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Around the home:Get more taste, less salt with flavor combinations
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The following flavor and food combinations, adapted from information provided by the National Heart, Lung and Blood Institute (www.nhlbi.nih.gov), have the added benefit of making meat, poultry, fish and vegetables tasty without adding salt.

For meat, poultry and fish, try one or more of these combinations:

Beef: Bay leaf, marjoram, nutmeg, onion, pepper, sage, thyme

Lamb: Curry powder, garlic, rosemary, mint

Pork: Garlic, onion, sage, pepper, oregano

Veal: Bay leaf, curry powder, ginger, marjoram, oregano

Chicken: Ginger, marjoram, oregano, paprika, poultry seasoning, rosemary, sage, tarragon, thyme

Fish: Curry powder, dill, dry mustard, marjoram, paprika, pepper

For vegetables, experiment with one or more of these combinations:

Carrots: Cinnamon, cloves, dill, ginger, marjoram, nutmeg, rosemary, sage

Corn: Cumin, curry powder, onion, paprika, parsley

Green Beans: Dill, curry powder, marjoram, oregano, tarragon, thyme

Greens: Onion, pepper

Potatoes: Dill, garlic, onion, paprika, parsley, sage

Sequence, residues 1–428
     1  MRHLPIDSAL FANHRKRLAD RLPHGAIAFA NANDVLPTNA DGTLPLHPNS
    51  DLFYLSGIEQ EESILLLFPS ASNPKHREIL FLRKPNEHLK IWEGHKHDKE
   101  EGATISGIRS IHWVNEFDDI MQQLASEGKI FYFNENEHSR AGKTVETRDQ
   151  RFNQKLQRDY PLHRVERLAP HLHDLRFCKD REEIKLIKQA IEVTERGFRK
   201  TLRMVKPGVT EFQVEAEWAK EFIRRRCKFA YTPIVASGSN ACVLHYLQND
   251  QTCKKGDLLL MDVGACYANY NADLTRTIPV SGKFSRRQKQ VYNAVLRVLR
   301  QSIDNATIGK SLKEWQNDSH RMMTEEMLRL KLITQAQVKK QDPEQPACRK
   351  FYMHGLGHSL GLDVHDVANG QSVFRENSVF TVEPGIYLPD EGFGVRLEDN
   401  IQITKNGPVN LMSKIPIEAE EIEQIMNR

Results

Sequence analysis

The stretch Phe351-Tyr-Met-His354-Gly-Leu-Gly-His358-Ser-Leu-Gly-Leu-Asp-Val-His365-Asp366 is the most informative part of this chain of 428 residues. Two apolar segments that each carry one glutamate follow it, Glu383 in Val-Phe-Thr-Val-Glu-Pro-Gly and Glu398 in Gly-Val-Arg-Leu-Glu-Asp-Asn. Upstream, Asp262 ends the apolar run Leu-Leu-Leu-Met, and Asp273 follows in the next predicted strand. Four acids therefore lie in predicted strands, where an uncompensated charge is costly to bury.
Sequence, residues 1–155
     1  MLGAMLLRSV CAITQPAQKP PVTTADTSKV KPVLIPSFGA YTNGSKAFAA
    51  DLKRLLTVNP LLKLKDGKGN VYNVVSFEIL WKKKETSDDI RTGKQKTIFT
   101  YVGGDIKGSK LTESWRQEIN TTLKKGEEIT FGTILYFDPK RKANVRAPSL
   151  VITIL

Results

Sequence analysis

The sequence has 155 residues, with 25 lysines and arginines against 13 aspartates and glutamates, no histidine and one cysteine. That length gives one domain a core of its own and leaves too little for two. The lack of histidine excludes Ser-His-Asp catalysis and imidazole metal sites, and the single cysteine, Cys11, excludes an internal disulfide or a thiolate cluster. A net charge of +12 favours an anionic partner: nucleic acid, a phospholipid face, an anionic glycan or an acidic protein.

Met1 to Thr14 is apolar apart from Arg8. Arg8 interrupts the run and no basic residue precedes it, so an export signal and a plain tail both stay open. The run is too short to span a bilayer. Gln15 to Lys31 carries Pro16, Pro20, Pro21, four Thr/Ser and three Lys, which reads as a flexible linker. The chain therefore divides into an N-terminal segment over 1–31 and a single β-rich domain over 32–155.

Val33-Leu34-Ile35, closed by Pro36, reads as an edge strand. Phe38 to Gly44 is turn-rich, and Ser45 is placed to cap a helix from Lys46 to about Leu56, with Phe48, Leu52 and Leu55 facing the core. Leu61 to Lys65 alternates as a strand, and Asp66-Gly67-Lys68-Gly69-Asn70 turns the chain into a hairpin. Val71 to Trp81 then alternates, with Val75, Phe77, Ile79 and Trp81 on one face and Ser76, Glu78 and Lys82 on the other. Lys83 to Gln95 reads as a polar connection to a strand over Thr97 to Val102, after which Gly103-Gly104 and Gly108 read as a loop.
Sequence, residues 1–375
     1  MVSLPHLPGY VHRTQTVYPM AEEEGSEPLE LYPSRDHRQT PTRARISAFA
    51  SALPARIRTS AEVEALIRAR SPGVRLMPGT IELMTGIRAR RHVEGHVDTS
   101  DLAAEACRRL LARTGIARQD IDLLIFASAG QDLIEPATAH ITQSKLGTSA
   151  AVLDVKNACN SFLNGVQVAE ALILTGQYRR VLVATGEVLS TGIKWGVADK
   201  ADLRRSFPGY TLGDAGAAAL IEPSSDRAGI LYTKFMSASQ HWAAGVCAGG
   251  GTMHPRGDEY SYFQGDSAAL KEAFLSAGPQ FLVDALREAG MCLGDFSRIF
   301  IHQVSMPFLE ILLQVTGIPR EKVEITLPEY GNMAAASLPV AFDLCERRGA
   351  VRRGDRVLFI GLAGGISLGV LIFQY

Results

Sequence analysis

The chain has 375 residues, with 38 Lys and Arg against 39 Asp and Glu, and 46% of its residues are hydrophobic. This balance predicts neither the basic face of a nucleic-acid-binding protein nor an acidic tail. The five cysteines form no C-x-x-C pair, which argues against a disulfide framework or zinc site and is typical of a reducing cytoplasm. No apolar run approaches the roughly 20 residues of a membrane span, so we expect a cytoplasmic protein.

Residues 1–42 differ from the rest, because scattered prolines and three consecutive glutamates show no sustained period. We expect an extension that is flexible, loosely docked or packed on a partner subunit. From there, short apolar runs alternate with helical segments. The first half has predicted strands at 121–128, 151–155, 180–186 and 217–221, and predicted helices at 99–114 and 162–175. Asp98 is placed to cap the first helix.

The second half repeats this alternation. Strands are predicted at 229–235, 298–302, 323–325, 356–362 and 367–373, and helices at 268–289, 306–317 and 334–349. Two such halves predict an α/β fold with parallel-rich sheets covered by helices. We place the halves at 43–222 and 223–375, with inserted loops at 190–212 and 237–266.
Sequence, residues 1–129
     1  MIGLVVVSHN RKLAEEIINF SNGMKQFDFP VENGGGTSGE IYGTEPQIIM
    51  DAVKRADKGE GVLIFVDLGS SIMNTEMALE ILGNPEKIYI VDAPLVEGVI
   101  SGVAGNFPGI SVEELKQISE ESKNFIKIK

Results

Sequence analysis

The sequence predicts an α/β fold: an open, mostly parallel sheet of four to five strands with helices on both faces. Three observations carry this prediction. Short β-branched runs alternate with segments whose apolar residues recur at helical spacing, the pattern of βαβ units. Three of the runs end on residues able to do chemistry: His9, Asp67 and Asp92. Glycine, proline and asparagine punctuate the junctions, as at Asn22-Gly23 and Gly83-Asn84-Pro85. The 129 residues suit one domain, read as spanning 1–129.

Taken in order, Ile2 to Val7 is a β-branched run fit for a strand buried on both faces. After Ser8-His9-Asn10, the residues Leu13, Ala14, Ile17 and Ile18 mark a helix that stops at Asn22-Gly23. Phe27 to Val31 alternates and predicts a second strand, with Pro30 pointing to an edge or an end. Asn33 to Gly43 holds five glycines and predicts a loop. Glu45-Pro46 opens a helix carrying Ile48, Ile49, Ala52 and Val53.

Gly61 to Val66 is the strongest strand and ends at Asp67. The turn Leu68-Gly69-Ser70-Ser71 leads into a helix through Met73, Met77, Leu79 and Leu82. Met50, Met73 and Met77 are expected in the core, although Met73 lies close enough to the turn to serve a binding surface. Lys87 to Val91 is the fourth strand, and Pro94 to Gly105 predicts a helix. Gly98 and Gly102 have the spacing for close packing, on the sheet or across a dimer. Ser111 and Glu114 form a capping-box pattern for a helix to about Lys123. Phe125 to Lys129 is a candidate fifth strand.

Summer Squash: Cloves, curry powder, marjoram, nutmeg, rosemary, sage

Winter Squash: Cinnamon, ginger, nutmeg, onion

Tomatoes: Basil, bay leaf, dill, marjoram, onion, oregano, parsley, pepper.

Here are some tips when using spices and herbs to help you reduce the salt in foods:

Savory flavors, and flavors with "bite," such as black pepper, garlic powder, curry powder, cumin, dill seeds, basil, ginger, coriander and onion, are the most effective in replacing the taste of salt..

Use minced or powdered garlic and onion rather than their salt form.

Omit the salt when cooking pasta and flavor with basil, oregano, parsley or pepper.

Check labels to see if "salt" or "sodium" are listed among the ingredients.

The amount to add varies with the type of spice or herb, type of recipe and personal preference. If possible, start with a tested recipe from a reliable source. If you’re creating your own recipe, begin with trying one or two spices or herbs.

But what if your recipe calls for fresh herbs and all you have are dried herbs?

Here are some approximate amounts of different forms of herbs equivalent to each other:

1 tablespoon finely cut fresh herbs

1 teaspoon dried leafy herbs

1/4 to 1/2 teaspoon ground dried herbs

If you don’t know how much of a spice or herb to use, follow these recommendations:

Begin with 1/4 teaspoon of most ground spices or ground dried herbs and adjust as needed.

Start with 1/8 teaspoon for cayenne pepper and garlic powder; adjust as needed.

Red pepper intensifies in flavor during cooking; add in small increments.

 

Adapted from University of Nebraska
Cooperative Extension in Lancaster County

Debbie Wilburn is a county extension agent in family and consumer science with the Hall County Extension. Contact: 770-535-8290.

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